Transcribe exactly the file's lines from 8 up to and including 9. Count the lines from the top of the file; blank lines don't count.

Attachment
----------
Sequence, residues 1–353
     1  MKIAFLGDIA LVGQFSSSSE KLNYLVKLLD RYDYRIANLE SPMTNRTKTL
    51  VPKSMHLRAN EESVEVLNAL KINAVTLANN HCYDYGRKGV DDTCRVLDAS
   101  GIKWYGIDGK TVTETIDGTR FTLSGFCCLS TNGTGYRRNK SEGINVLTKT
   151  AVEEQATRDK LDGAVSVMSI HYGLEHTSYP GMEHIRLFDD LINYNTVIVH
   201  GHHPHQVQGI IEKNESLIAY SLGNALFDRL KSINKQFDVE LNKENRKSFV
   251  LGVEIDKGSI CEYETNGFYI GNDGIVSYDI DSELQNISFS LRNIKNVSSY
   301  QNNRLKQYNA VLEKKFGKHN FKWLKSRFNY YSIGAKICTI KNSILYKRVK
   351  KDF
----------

   301  QNNRLKQYNA VLEKKFGKHN FKWLKSRFNY YSIGAKICTI KNSILYKRVK
   351  KDF